GP Locums and Compassion and Dignity for Patients

The Commission on Improving Dignity in Care Care for Older People released a report yesterday which hit the headlines for all the wrong reasons. I heard an interview on BBC Radio 4’s The Today Programme, and Sir Keith Pearson, co-chair of the Commission on Dignity in Care, outlined the main findings of the report. It was stated that dignity is treating someone the way you would like to be treated if you were on a ward. He added that dignity is showing compassion and respect, and  that being compassionate should be as important as being clever when it comes to the recruitment of staff to care for the elderly. Dignity means more than being kind, showing compassion is key. The elderly have different needs to younger patients, and these need to be addressed respectfully and compassionately. 

GP Locums and dignity of elderly

GP Locums need to show compassion

An interesting point was made that the nursing to patient ratio on children’s wards is typically 4:1 whereas on geriatric wards its often 8 or 10 : 1.  But the elderly often need the same level of supervision and assistance as children.

It struck me that there can be elements of the same tensions in general practice. That is an increasing number of surgery consultations will be for older patients, their conditions are often more complex with several co-morbidities , and multiple medications. They need more time to explain themselves, more time if needing to undress for an examination, and then more time to dress again, and more careful consideration when being assessed due to these factors.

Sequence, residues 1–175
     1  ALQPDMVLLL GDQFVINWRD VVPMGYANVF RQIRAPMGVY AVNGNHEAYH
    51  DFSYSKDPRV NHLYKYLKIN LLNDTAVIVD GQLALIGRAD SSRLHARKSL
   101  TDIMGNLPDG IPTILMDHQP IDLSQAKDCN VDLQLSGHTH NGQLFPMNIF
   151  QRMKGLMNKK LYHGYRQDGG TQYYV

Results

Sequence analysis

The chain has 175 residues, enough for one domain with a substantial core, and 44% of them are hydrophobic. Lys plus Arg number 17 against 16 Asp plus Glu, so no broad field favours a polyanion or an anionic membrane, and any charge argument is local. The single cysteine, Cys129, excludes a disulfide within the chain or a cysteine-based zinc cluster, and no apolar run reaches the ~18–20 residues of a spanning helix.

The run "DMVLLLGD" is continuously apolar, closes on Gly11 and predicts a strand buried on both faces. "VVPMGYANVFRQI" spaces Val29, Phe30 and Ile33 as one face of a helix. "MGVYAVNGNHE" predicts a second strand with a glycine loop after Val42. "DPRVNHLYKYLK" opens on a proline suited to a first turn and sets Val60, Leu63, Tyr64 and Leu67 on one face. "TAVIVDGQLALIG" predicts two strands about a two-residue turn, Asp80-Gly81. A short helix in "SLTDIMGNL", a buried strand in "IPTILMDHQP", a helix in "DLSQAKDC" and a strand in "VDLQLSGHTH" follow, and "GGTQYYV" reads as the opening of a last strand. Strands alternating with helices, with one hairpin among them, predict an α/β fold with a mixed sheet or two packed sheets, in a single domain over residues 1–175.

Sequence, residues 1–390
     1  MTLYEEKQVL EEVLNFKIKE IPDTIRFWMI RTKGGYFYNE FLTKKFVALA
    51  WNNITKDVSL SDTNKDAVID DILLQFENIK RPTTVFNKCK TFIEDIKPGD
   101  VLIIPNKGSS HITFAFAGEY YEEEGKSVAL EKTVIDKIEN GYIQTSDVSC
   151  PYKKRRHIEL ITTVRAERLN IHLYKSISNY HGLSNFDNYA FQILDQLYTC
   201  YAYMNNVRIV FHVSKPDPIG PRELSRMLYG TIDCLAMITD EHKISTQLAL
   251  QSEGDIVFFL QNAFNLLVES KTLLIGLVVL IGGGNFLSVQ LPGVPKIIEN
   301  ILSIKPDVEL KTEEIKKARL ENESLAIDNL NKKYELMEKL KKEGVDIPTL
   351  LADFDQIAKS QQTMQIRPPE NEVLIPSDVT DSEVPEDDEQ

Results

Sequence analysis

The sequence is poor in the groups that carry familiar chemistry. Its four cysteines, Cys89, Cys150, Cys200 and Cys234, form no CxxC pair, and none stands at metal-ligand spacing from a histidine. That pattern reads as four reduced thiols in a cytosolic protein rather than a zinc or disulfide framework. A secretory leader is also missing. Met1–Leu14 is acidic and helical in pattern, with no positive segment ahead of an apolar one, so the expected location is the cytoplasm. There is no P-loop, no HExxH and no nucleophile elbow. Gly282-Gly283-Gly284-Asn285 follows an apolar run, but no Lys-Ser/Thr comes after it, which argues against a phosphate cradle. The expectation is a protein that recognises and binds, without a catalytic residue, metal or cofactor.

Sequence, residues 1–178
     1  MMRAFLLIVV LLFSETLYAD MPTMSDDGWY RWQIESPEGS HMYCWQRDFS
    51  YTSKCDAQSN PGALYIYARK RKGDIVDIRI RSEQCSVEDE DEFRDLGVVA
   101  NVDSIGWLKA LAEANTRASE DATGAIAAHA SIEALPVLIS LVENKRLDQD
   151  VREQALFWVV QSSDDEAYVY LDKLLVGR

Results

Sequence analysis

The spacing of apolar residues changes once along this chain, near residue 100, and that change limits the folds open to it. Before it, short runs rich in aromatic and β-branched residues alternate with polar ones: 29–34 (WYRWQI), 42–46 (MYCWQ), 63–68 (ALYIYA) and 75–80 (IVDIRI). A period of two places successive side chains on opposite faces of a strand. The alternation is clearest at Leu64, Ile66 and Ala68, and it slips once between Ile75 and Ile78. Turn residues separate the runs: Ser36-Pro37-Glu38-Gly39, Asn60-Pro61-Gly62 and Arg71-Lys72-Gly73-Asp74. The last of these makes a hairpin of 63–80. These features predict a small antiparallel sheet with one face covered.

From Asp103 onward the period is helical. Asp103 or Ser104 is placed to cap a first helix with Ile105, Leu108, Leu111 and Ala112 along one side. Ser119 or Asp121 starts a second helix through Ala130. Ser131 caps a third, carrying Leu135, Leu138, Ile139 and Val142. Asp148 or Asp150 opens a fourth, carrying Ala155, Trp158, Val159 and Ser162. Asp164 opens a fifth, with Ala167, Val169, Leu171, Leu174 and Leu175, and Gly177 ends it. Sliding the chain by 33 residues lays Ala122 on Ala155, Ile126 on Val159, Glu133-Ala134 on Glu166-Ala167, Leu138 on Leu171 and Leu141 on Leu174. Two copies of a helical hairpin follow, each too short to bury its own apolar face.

To be compassionate one has to like people. I don’t recall whether at interview for medical school or GP training scheme I was being assessed as to my level of liking working with people, and / or my compassion index. But to work in general practice with all the stresses and strains without a basic enjoyment of human interaction the job becomes that much harder. Compassion cannot be taught, it must be in us at the beginning of our careers. But can we lose it or at least have it eroded by chronic stress and overwork?

In a busy surgery, maybe running a little late, the fact that a patient takes much longer to assess and manage in a consultation due to age related infirmities can easily add to our stresses. Do we ever start to have negative feelings towards those who require more time? An honest examination of our conscience can be quite sobering at times.

When i left full time practice partnership it was for self preservation; being a GP locum allowed me to work in a much less stressful manner, my enjoyment of this special career returned and i continue to thrive on the work , what i can do for people and what the interaction and serving does for me.

We need to have compassion and dignity for all groups we care for, if the elderly receive it, all will receive it.

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